5 Strategies to Pay Less in Tax Season

One of the surest things in life is the fact that if you work, you have to pay taxes. Because not paying your income taxes isn’t an option, most taxpayers will look for ways to reduce their tax bills. There are definitely opportunities for saving via tax deductions and tax credits, but these options can change from year to year depending on changes in tax laws made.

In this article, we’ll discuss 5 strategies to pay less in tax season that can help you effectively save money.

1. Pay Your Student Loans

Paying your student off should already be a priority, however, during tax season it should be even more so. This is because the interest that you pay on your student loans can benefit you with your tax responsibility. Each year, you can deduct up to $2,500 worth of interest paid on the corresponding year; this is considered an “above the line” deduction.

Unfortunately, this option is not available to higher-income earners. If your individual income is between $65,000-$80,000, or if your joint income is between $135,000 and $165,000, you cannot deduct the interest paid.

2. Contribute to Your 401k Plan

The taxes you owe are based on your taxable income - the more you earn, the more taxes you typically owe. You are able to reduce your taxable income, however, when you contribute pre-tax income to your 401k retirement savings plan. Doing this will lower your taxable income for the year; you won’t have to make any tax payments on the money in your 401k until you begin to withdraw money from the account in retirement.

Keep in mind that you are limited in how much money you can contribute to your 401k per year. For those under 50, you are limited to no more than $19,000 in contributions to your 401k. For those over 50, you can contribute up to $25,000 per year.

3. Ensure Your Filing Status is Correct

You might be surprised how many people are overpaying in taxes due to a filing with the wrong status. The status you choose to file with determines which deductions you can take and which tax bracket you fall under. To understand the differences in your choices to help you make the right decision, below is information on the filing statuses you can choose from:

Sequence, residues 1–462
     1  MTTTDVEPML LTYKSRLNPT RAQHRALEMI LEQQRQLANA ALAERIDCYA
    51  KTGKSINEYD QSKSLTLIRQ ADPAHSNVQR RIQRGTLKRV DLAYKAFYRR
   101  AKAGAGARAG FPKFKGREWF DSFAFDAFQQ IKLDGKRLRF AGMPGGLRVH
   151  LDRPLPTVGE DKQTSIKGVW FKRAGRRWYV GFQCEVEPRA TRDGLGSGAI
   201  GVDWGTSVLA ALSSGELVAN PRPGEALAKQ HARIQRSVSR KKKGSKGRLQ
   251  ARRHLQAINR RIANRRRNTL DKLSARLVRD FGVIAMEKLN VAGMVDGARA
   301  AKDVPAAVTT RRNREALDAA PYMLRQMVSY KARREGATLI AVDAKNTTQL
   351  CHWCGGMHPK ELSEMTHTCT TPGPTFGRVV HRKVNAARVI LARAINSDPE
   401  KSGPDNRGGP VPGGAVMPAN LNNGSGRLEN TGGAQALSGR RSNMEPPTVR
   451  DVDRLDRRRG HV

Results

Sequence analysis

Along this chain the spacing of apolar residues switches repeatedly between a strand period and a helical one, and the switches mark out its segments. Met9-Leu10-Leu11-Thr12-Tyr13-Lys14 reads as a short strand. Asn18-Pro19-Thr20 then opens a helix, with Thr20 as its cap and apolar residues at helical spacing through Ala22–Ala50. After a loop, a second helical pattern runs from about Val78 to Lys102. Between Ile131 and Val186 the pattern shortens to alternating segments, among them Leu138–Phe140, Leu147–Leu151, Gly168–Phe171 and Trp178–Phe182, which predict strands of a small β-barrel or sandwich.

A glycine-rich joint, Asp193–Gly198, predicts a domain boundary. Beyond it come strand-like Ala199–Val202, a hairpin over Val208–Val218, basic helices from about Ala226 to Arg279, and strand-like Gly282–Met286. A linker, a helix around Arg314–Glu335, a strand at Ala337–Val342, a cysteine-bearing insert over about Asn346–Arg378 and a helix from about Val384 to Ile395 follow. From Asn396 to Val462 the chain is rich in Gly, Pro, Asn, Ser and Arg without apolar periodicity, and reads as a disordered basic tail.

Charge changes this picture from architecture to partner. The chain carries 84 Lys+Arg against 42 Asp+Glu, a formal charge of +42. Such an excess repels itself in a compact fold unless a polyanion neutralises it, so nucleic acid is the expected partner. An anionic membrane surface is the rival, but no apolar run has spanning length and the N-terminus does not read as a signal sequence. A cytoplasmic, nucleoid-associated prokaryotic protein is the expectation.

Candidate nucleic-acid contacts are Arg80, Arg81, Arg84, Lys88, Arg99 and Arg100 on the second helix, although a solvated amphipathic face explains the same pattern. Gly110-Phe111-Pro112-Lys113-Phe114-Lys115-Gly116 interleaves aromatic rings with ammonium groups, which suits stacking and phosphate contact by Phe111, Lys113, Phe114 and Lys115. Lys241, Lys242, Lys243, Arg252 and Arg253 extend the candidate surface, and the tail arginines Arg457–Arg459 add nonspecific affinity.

• Head of Household - For those that are unmarried and who pay more than half of household expenses for themselves and a dependent, this may be the correct option to choose.
  • Single - This is the status to choose for unmarried taxpayers with no dependents.
  • Married Filing Jointly - This is the status that can be chosen for married taxpayers.
  • Married Filing Separately - This option is for spouses that prefer to file taxes separately.
  • Qualifying Widow(er) with Dependent Child - When a taxpayer has a dependent and has lost their spouse, they can file using this status.

4. Purchase a Home

Purchasing a home is a big financial undertaking, however, it does come with tax benefits. Essentially, the mortgage interest and property taxes that you pay on your home are tax-deductible, which can save you money. The amounts you can deduct are capped, however. Interest deductions cannot be taken on mortgage debt over $375,000 if single, and $750,000 if married. Property tax deductions are also capped at no more than $10,000, $5,000 for couples filing separately.

5. Donate

Making charitable donations are not only wonderful in that they help those in need, but they can also mean tax deductions that you can take. You will need to have verifiable documentation of your donation such as receipts, bank statements, canceled checks, credit card statements, completed forms, or written acknowledgment. Be sure to check IRS requirements for each type of donation.

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